Alleviating the Headaches

It is possible to alleviate the pain of deployment with a few simple measures including:

  • finding effective project managers and team leads for each team that are the sole source from which questions and tickets are generated
  • keeping meeting times small and encourage team members to find problems and solve them by embracing analysis of problems and their solutions at the appropriate meeting (some organizations look at an attempt to find the source of an issue as making excuses)
  •  finding an effective meeting length, often dedicating less time than recommended
  • planning stakeholder meetings effectively around the release of tangible product and using the project manager wisely to keep in contact with and update clients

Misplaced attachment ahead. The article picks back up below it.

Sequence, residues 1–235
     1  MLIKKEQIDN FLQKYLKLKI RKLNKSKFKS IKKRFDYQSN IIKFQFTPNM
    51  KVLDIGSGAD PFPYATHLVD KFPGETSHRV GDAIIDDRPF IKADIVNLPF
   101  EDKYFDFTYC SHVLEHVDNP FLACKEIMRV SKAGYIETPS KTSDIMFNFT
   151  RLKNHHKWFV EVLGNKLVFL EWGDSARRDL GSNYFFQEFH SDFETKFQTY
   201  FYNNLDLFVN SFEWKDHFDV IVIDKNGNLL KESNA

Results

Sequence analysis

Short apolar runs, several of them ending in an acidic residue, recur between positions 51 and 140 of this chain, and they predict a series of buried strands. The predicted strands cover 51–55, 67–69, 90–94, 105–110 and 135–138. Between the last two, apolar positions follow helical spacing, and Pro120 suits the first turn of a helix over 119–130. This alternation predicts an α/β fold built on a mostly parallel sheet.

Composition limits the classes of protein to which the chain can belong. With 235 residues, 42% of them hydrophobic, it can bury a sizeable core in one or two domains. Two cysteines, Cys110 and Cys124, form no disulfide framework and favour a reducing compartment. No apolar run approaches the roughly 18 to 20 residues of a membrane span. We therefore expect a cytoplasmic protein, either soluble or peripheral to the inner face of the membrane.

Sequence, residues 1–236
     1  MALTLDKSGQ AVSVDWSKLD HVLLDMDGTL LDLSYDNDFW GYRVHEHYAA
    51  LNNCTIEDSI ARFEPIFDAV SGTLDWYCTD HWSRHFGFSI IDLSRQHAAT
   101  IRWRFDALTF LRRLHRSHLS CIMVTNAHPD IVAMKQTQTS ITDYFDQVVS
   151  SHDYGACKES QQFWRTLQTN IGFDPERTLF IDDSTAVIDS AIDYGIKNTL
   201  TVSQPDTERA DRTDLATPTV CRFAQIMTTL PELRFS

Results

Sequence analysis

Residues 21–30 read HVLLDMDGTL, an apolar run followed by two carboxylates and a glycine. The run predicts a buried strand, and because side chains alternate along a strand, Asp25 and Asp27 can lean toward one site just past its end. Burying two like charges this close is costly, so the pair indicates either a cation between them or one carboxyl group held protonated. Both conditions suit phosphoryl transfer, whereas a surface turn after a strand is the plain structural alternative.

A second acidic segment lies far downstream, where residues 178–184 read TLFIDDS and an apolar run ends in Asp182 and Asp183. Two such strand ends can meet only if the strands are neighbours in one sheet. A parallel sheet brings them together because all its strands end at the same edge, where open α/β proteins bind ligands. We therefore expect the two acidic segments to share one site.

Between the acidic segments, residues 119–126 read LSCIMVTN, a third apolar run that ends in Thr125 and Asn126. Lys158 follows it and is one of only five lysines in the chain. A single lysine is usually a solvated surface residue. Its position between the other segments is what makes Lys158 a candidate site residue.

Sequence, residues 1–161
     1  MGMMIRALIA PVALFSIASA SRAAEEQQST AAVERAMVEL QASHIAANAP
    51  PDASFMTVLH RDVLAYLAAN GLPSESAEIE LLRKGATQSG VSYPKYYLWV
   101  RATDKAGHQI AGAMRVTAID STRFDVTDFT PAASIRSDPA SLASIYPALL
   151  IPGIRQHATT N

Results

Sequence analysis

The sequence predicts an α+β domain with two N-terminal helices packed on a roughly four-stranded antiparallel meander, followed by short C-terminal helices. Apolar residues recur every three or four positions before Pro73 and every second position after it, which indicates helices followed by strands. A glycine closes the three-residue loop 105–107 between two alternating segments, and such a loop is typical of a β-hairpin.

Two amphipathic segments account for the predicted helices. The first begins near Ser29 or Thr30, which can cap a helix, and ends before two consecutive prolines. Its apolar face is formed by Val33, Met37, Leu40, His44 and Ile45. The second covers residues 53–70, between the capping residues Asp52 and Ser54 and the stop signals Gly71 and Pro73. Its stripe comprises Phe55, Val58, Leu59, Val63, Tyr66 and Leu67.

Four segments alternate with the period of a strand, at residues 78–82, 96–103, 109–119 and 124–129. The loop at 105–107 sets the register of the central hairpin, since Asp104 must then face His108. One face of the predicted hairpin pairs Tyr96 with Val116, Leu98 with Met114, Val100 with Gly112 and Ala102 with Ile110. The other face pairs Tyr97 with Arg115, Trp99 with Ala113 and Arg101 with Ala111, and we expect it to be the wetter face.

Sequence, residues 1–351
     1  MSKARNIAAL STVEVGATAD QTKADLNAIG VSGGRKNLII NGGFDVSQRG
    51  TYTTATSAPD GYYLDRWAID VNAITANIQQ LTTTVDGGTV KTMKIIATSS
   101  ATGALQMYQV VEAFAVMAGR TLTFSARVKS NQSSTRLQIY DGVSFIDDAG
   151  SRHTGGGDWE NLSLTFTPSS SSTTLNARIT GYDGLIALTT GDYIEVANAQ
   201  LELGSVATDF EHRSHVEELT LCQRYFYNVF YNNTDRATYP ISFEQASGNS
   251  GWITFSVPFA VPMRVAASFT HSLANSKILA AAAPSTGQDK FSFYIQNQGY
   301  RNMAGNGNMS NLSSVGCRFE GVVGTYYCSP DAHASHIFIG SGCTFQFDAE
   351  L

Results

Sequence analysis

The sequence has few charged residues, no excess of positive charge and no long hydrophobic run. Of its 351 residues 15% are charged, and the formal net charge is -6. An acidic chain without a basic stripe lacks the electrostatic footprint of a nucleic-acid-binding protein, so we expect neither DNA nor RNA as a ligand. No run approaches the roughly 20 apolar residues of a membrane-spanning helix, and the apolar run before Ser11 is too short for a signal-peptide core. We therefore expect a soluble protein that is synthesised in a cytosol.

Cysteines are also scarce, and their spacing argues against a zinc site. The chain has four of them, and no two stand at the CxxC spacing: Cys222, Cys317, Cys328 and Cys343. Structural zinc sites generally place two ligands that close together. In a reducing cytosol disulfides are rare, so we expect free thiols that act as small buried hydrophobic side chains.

• utilizing software appropriately, keep teams as separated as needed

Clearly, there are decisions to be made regarding separation and time. Failing to address these problems can be deadly.

Tinkering with these resolutions, I have found that stakeholder meetings happen sporadically at first, ensuing as recommended after a product becomes substantial. Requirements gathering is itself a continuous project. I have also found that early stage projects can often make better use of Kanban, allowing for more flexibility, while established projects make better use of Scrum, when tickets are defined at the backlog grooming and retrospective.



Conclusion

While agile methodologies are effective, they are by no means inflexible. They were not intended to be. Using your time effectively is at the root of any project management philosophy.

Proper use of agile with a precise application for your organization is the key to maximizing effectiveness.